When Thea and her husband moved to Los Angeles a few years ago, she had no friends close by and was alone frequently while her husband worked long hours.
Though Thea says her husband was the "best friend someone could have," the spark and sex were gone.
She says she was living with a lot of disillusionment in a disappointing, sexless marriage.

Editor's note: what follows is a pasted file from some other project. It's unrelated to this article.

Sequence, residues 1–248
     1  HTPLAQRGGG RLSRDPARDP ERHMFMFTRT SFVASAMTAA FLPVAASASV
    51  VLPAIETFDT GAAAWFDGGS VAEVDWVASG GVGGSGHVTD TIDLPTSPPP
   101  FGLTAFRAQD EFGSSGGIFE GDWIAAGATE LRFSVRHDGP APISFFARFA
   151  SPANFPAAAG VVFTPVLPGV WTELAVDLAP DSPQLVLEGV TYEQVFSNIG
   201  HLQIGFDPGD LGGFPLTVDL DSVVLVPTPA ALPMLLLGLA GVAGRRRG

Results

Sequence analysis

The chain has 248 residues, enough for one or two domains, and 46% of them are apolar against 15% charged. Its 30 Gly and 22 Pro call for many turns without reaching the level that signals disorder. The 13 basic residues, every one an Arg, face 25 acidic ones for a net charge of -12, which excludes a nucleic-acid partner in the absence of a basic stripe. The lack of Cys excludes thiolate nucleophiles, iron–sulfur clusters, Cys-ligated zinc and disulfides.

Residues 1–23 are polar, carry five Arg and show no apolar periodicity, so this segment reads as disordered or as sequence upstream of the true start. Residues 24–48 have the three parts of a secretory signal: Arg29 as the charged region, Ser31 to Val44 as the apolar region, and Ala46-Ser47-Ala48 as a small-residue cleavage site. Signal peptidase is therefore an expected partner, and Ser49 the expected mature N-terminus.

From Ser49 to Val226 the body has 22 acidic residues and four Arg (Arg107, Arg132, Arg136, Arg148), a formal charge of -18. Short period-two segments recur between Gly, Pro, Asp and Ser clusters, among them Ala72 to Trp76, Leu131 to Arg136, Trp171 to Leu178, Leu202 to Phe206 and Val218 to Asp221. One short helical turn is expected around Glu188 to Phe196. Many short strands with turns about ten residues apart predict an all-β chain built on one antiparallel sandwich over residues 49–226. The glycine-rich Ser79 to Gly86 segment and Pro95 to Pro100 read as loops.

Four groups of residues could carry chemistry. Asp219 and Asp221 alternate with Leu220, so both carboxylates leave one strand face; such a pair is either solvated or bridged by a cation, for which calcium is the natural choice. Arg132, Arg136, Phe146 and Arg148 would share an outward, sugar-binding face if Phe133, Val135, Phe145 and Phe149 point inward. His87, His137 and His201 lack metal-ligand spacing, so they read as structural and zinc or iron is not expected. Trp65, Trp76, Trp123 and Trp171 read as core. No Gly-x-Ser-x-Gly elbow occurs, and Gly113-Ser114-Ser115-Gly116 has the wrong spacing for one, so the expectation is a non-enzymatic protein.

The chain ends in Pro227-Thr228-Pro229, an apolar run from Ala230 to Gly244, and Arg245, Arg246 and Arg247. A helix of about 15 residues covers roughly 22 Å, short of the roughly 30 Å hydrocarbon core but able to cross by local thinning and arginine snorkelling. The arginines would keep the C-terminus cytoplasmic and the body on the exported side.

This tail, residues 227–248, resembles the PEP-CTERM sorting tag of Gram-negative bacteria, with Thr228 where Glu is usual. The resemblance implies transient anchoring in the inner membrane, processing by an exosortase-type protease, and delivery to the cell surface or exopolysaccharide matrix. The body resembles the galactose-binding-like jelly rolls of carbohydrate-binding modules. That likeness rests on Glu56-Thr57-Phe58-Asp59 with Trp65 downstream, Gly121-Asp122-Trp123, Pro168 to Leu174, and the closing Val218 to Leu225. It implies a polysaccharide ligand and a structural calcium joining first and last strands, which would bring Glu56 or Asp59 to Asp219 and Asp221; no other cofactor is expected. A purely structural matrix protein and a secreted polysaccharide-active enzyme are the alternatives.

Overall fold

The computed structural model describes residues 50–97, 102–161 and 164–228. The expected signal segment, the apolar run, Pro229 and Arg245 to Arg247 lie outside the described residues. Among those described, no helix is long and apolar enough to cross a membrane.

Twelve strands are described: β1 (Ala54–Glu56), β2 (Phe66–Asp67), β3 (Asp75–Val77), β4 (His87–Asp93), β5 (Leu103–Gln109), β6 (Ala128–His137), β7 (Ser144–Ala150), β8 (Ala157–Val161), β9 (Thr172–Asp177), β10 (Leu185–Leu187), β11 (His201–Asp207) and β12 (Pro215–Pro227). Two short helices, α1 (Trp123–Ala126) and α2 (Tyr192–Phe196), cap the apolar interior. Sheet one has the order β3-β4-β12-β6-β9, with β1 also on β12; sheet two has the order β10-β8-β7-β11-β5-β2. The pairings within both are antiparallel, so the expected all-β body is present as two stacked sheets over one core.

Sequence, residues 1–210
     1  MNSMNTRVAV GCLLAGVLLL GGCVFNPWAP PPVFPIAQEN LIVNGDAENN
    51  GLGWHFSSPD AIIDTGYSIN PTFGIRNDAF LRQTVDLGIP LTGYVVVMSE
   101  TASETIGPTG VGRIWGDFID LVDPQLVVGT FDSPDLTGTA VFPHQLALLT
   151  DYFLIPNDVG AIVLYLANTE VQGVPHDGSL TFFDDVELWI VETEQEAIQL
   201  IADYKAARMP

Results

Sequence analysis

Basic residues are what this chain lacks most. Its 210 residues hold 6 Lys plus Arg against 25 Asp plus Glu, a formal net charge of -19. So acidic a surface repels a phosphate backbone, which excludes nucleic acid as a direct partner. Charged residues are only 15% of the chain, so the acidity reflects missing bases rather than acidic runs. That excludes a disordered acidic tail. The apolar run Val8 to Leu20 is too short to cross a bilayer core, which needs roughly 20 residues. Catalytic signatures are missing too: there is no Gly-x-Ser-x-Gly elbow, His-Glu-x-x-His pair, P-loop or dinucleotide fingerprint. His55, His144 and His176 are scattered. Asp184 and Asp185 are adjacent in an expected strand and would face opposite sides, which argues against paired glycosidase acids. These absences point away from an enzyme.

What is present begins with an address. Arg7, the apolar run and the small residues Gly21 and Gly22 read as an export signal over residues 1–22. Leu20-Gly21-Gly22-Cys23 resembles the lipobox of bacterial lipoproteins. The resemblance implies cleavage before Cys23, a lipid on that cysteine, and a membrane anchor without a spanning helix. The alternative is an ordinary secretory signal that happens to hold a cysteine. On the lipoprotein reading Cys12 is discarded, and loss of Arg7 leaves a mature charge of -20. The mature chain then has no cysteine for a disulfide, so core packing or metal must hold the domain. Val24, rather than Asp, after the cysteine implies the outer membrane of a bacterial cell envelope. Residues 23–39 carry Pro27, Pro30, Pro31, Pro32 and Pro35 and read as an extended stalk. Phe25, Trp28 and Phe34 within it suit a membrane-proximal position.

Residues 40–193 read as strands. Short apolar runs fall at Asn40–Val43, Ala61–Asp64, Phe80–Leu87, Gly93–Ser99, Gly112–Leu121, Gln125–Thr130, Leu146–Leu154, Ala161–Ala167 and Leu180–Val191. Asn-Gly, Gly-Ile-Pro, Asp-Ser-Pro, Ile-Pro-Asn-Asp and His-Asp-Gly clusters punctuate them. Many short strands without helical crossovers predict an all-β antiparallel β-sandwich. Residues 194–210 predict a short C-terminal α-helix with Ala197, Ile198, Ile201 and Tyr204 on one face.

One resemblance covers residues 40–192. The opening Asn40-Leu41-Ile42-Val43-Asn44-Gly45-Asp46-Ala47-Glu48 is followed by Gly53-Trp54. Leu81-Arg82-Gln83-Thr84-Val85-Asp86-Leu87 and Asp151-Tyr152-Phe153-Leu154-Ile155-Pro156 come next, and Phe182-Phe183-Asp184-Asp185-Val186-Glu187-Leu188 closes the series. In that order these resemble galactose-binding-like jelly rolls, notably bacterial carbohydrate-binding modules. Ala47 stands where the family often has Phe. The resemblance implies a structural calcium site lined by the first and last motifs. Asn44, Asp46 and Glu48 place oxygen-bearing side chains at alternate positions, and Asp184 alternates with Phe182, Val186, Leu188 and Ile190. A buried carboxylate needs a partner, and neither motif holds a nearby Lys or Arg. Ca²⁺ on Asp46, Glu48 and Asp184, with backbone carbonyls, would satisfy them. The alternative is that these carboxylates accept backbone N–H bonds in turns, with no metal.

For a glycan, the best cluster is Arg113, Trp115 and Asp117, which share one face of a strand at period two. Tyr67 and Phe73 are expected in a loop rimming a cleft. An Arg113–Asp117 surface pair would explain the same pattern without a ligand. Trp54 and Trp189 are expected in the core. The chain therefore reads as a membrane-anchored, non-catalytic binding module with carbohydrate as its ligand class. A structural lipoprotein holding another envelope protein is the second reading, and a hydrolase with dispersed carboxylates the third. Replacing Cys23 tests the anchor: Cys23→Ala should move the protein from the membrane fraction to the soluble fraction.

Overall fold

"Women tell me, 'I was lonely, not connected, I didn't feel close to my partner, and I was taken for granted,'" marriage and family therapist Winifred Reilly says.The theory, Fisher says, is that from the earliest days, women paired with a primary mate to have children.But as women went out to gather food, they slept with other men, creating an insurance policy to have someone who would help rear children and provide resources should their mate die."People have affairs because they are looking for something," Reilly says.Although she sees a number of couples grappling with infidelity, "more people come to me [before it happens] because they want to save their marriage." Women are also less likely than men to have an affair that "just happens," because they tend to think longer and harder about the situation, experts say.